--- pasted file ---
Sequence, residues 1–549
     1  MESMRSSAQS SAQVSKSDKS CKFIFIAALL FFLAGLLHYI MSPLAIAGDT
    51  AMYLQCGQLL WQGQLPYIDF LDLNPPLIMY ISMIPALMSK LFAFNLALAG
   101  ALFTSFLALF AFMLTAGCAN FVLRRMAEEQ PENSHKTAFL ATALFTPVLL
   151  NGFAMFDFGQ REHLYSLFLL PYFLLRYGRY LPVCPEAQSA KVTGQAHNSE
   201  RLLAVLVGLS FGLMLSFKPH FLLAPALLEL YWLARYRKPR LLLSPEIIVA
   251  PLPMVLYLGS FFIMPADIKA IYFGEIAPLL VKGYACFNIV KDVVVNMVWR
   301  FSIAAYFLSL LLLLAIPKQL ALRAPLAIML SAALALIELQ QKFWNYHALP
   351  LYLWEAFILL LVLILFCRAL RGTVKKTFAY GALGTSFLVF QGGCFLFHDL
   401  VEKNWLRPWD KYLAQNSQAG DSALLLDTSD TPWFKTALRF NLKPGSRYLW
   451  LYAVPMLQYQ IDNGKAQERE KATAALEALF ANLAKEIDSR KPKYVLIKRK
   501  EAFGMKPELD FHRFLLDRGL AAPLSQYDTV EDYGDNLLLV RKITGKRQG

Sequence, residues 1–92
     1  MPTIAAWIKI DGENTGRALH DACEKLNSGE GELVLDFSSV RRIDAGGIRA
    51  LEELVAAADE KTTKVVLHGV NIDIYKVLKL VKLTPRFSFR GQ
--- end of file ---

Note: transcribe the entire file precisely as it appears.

Sequence, residues 1–549
     1  MESMRSSAQS SAQVSKSDKS CKFIFIAALL FFLAGLLHYI MSPLAIAGDT
    51  AMYLQCGQLL WQGQLPYIDF LDLNPPLIMY ISMIPALMSK LFAFNLALAG
   101  ALFTSFLALF AFMLTAGCAN FVLRRMAEEQ PENSHKTAFL ATALFTPVLL
   151  NGFAMFDFGQ REHLYSLFLL PYFLLRYGRY LPVCPEAQSA KVTGQAHNSE
   201  RLLAVLVGLS FGLMLSFKPH FLLAPALLEL YWLARYRKPR LLLSPEIIVA
   251  PLPMVLYLGS FFIMPADIKA IYFGEIAPLL VKGYACFNIV KDVVVNMVWR
   301  FSIAAYFLSL LLLLAIPKQL ALRAPLAIML SAALALIELQ QKFWNYHALP
   351  LYLWEAFILL LVLILFCRAL RGTVKKTFAY GALGTSFLVF QGGCFLFHDL
   401  VEKNWLRPWD KYLAQNSQAG DSALLLDTSD TPWFKTALRF NLKPGSRYLW
   451  LYAVPMLQYQ IDNGKAQERE KATAALEALF ANLAKEIDSR KPKYVLIKRK
   501  EAFGMKPELD FHRFLLDRGL AAPLSQYDTV EDYGDNLLLV RKITGKRQG

Sequence, residues 1–92
     1  MPTIAAWIKI DGENTGRALH DACEKLNSGE GELVLDFSSV RRIDAGGIRA
    51  LEELVAAADE KTTKVVLHGV NIDIYKVLKL VKLTPRFSFR GQ